Turkish and British PMs express concerns over political tension and sectarian clashes in Iraq
Turkey's Prime Minister Recep Tayyip Erdogan has discussed latest developments in Syria and Iraq with British Prime Minister David Cameron in a telephone conversation.
Turkish ministerial sources said on Monday that the two leaders also exchanged views on bilateral relations and regional issues in their 20 minute-long talk.
Erdogan and Cameron expressed concerns over political tension and sectarian clashes in Iraq and emphasized the need for the establishment of a national unity government as a solution.
Erdogan reminded the British leader that the Syria crisis had led to about one million Syrian refugees entering Turkey, and said that the European Union must take a more active role in regional issues.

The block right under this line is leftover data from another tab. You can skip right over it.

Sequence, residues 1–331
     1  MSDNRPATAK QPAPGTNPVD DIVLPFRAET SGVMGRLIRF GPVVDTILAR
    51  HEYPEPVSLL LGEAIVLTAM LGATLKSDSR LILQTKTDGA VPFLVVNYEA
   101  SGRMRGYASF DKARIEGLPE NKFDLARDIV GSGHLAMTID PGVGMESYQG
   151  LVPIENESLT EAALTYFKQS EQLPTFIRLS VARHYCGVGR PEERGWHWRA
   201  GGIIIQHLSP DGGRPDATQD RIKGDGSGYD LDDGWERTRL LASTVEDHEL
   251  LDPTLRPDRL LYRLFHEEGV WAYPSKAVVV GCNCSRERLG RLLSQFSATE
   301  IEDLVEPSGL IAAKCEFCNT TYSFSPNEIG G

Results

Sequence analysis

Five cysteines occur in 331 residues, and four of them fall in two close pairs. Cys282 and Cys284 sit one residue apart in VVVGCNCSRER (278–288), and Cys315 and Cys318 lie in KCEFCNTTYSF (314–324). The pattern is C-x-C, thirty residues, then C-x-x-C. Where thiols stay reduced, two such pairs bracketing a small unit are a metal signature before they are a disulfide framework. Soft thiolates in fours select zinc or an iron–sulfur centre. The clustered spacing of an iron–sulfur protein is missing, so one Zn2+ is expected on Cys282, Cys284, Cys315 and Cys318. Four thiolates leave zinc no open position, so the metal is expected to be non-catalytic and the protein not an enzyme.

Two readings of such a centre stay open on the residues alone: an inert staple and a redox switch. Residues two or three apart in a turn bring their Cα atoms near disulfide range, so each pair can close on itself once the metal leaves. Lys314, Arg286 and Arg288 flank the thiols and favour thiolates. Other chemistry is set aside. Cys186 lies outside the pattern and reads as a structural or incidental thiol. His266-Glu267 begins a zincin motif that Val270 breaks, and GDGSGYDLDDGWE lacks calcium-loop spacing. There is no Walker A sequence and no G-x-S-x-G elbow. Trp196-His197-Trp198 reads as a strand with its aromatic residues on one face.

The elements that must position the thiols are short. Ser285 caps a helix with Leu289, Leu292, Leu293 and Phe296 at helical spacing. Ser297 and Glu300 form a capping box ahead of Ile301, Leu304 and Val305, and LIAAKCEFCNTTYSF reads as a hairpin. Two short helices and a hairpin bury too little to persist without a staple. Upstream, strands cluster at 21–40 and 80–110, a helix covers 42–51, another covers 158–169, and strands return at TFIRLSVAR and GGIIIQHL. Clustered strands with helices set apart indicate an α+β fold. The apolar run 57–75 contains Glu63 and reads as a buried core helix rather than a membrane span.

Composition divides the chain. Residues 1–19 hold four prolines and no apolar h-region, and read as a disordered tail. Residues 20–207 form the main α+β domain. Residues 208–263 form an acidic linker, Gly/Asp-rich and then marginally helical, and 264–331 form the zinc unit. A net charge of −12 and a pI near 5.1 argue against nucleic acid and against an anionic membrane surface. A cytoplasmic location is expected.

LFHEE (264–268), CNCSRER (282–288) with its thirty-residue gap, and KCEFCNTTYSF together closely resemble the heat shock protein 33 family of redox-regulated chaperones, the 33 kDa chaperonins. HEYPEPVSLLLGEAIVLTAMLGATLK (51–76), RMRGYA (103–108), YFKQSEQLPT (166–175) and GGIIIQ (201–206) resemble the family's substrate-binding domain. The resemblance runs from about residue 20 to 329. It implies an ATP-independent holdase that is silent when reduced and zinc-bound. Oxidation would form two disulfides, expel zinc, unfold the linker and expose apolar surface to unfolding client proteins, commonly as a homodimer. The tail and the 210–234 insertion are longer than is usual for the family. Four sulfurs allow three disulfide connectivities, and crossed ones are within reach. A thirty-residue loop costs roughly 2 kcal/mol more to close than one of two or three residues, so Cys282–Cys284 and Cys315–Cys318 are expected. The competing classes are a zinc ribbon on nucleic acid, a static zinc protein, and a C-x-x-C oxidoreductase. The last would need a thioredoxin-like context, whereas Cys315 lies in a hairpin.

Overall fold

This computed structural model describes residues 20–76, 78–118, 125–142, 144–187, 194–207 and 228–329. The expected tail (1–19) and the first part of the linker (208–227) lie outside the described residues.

Both leaders acknowledged the need to boost their cooperation in the fight against terrorism.
Syria has been gripped by almost constant fighting since the Assad regime launched a violent crackdown in response to anti-government protests in March 2011, triggering a conflict which spiraled into a civil war.
Iraq has seen a marked increase in sectarian violence between Sunni and Shi’a Muslims in recent months, which the Iraqi government blames on the Islamic State of Iraq and the Levant- ISIL.
ISIL, which already controls parts of Syria, has extended its reach into Iraq since 10 June when it seized Iraq's second-largest city Mosul and took near-complete control of the cities of Tikrit and Tal Afar shortly afterwards.